French gas ambitions pose a 'climate time bomb' for Mozambique
The international NGO Friends of the Earth has accused France of undermining Mozambique's security, economy and environmental health in its drive to capitalise on a gas boom off the country's northern coast.
In a report released Monday, the group said France was throwing Mozambique “into a gas trap" by shoring up French interests in the vast underwater reserves discovered off Cabo Delgado province.
Exploitation of the gas fields, planned over 30 years, is expected to generate $60 billion in investments – the largest ever on the African continent.
French oil giant Total is developing a mega gas exploitation project, while banks Crédit Agricole and Societé Générale were singled out as "major players”, acting as financial advisors to the gas operators.
"French machinations are forcing yet another African country into dependency on fossil fuels … in the name of the economic interests of French energy industrials and bankers,” the report said.
"For several years now, the entire arsenal of French economic diplomacy has been working to defend French interests in Mozambique.”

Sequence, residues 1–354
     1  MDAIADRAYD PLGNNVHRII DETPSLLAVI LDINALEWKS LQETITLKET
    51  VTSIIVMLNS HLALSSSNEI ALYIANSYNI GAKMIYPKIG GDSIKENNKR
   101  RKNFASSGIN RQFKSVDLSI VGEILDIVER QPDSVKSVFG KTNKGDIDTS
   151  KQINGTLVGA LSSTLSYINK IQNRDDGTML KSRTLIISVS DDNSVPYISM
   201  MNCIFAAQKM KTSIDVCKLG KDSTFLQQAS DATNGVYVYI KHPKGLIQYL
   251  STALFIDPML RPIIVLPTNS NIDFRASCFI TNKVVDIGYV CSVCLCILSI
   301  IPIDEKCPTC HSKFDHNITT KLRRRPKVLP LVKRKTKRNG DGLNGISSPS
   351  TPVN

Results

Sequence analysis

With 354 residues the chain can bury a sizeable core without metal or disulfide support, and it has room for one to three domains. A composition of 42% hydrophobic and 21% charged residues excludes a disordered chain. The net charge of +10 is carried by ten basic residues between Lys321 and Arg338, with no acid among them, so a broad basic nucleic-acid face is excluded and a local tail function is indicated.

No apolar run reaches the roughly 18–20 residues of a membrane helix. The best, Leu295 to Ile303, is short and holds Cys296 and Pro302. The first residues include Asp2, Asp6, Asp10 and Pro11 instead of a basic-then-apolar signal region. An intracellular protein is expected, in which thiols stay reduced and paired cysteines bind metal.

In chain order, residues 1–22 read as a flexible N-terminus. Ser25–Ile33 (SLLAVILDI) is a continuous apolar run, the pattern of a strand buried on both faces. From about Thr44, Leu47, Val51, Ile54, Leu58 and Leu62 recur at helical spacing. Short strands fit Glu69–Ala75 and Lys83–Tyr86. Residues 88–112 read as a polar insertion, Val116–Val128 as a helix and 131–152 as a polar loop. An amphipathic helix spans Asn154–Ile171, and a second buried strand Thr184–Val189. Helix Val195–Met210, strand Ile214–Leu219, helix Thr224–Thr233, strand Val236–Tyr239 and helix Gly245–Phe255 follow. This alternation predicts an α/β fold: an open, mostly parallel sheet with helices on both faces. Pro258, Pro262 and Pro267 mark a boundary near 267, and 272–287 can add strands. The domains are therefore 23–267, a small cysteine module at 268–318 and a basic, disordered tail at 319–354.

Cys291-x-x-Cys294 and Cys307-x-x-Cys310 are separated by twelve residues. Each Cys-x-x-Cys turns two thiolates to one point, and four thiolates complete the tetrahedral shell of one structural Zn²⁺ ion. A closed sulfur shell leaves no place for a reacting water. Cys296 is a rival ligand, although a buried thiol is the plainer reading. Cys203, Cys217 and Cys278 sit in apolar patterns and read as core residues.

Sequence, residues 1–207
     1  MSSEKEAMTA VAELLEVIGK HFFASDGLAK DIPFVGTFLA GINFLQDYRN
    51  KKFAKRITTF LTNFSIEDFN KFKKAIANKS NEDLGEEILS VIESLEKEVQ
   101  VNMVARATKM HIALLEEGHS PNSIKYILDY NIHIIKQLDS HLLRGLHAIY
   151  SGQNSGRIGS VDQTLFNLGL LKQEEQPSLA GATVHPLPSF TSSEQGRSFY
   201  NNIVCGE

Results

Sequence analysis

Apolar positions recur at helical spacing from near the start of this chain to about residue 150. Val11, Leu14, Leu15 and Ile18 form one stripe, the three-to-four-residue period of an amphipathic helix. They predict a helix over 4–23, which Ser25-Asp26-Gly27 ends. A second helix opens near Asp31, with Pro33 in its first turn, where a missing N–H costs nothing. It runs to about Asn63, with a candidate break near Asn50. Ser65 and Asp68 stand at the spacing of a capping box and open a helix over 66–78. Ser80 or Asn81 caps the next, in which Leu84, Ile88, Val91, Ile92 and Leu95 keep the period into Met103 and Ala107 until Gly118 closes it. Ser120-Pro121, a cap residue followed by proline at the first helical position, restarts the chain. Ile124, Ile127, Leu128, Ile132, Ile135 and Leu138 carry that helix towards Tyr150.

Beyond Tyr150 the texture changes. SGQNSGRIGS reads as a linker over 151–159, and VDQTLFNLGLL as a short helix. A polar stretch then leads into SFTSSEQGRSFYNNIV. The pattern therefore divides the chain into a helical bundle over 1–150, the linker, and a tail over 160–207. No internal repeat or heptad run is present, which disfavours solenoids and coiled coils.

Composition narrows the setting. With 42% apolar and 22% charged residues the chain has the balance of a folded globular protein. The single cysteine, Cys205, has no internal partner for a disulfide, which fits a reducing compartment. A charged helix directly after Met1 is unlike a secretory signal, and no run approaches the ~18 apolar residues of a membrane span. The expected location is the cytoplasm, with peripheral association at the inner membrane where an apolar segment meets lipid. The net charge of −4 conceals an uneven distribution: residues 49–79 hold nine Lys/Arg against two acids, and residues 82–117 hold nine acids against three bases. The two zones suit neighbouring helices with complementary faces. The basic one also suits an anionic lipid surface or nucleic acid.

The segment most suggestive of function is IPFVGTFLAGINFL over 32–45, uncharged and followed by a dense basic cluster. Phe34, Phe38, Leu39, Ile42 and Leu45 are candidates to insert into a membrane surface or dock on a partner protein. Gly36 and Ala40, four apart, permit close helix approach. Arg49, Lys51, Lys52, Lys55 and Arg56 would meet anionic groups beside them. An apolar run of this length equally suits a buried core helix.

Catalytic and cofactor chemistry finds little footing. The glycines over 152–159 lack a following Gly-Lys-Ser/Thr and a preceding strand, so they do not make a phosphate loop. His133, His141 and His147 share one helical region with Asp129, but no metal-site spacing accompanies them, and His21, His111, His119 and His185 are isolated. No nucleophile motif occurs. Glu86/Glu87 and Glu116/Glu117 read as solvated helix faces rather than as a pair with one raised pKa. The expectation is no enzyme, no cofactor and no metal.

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Estimated at 5,000 billion cubic metres, the 9th largest natural gas reserves in the world could transform the former Portuguese colony – one of the world's poorest countries – into a leading exporter of liquefied natural gas.
While the project would be a windfall for the industry, however, the NGO warns it would be “a curse” for Mozambique – bringing more conflict, violence, corruption and social inequality.
For the past three years, Cabo Delgado has been at the centre of a deadly insurgency by the Ahlu Sunna Wal Jamaa Islmaist group. Friends of the Earth says the conflict has seen authorities clamp down on the province and “prioritise protecting gas infrastructure”.
French support for multinational gas companies – including Italy's ENI and the US's ExxonMobile – has caused Cabo Delgado to become "militarised", further igniting tensions, the London-based NGO said.
Private security contractors are alleged to be using French-made weapons and helicopters with French licences. Total has confirmed that it has worked with five private security companies.
Ticking 'climate bomb'
Each year, the three gas projects under development could release seven times more carbon than France, and 49 times more than Mozambique's annual emissions, Friends of the Earth found.
"This is a ticking climate bomb ready to explode and will contribute to pushing the world even further towards the irreversible climate crisis,” the report said, adding that Mozambique, prone to extreme weather, was already on the frontline of climate change.
The NGO is calling on French companies, including private banks and energy firms such as Total, to immediately end their involvement in Mozambican gas projects.